U.S. Deputy Assistant Attorney Benjamin Mizer said Tuesday software companies VMWare and Carahsoft Technology Corporation agreed to pay $75.5 million to settle a lawsuit that accused the companies of misrepresenting commercial pricing practices. U.S. Department of Justice
WASHINGTON (Legal Newsline) - Two software companies will pay $75.5 million to the U.S. government to settle claims they misrepresented pricing practices from the government, said Benjamin Mizer, principal deputy assistant attorney general, on Tuesday.
VMware and Carahsoft Technology Corporation were also accused of overcharging the government for VMware software products and related services, Mizer said. VM specializes in computer virtualization software, and Carahsoft distributes information technology to all levels of government.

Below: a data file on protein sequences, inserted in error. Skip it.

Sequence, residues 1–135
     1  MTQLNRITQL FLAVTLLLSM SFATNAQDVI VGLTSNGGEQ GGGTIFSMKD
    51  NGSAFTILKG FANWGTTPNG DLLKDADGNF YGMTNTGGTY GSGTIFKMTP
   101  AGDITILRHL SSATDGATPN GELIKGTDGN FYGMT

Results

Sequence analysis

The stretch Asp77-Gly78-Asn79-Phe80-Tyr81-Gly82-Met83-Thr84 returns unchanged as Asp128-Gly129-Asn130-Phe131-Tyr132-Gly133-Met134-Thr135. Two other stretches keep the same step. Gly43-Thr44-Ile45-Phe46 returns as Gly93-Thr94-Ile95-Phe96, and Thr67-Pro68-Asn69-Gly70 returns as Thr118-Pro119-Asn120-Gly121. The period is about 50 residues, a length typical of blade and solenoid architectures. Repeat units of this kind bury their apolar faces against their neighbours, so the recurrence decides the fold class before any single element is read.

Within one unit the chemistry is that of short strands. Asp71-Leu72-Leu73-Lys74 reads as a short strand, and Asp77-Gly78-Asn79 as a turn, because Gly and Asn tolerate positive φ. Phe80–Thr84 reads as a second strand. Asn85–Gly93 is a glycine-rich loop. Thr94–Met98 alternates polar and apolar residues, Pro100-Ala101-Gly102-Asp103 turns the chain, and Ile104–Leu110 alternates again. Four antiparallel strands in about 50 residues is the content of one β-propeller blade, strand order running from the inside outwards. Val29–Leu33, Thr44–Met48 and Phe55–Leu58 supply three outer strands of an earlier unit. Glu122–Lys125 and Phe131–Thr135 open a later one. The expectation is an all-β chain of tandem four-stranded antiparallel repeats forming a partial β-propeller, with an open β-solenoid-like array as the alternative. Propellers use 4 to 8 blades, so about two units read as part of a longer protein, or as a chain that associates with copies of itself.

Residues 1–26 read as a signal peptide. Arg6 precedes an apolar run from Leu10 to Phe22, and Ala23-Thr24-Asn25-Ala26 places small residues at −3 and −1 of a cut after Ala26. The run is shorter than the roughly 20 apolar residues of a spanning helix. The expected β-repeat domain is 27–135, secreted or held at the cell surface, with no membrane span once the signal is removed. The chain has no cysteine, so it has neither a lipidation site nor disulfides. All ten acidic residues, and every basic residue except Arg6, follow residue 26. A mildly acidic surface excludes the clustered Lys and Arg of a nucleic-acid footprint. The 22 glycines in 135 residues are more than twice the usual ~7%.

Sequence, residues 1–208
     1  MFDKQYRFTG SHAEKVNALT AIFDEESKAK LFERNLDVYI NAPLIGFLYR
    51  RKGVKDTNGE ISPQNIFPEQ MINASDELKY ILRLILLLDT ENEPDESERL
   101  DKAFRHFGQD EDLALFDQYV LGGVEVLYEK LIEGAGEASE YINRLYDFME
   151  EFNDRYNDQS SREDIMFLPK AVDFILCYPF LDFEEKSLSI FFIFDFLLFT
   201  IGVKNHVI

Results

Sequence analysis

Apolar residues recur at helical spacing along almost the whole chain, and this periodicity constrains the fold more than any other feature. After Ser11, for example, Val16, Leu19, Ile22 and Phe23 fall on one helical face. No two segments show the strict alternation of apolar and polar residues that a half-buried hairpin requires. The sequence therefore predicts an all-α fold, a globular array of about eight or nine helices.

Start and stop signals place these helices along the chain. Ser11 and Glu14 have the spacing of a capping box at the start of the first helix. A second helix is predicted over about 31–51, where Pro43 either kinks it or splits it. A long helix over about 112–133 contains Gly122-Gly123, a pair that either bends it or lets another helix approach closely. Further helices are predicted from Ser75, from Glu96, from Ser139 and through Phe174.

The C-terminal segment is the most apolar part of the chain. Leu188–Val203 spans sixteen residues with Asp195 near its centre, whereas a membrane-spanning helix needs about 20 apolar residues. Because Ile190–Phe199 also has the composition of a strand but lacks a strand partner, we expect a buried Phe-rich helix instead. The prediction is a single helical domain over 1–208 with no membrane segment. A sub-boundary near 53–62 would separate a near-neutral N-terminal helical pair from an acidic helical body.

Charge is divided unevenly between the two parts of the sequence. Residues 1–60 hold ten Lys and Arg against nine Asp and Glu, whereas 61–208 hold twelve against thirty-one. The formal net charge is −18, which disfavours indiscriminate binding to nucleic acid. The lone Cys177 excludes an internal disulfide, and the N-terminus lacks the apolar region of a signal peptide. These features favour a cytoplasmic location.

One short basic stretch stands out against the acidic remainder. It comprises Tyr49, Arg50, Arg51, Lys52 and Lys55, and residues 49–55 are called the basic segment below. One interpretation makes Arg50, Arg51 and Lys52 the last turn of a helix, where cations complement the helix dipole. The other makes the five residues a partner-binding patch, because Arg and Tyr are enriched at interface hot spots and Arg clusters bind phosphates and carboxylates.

“Today’s settlement demonstrates our continuing vigilance to ensure that those doing business with the government give the taxpayers a fair deal,” Mizer said. “Government contractors who seek to profit improperly at the expense of taxpayers face serious consequences.”
The government accused VM of violating the False Claims Act by concealing its pricing practices under Carahsoft's contract with the government between 2007 and 2013, Mizer said. The lawsuit was filed under the country's whistleblower provision of the False Claims Act, and was filed by Dane Smith, a former vice president of the Americas VMware. Under the provision of the law Smith will share in the $75.5 million settlement. His share of the recovery hasn't been determined, Mizer said.
“Transparency by contractors in the disclosure of their discounts and prices offered to commercial customers is critical in the award of GSA Multiple Award Schedule contracts and the prices charged to government agency purchasers,” U.S. Attorney Dana J. Boente of the Eastern District of Virginia said.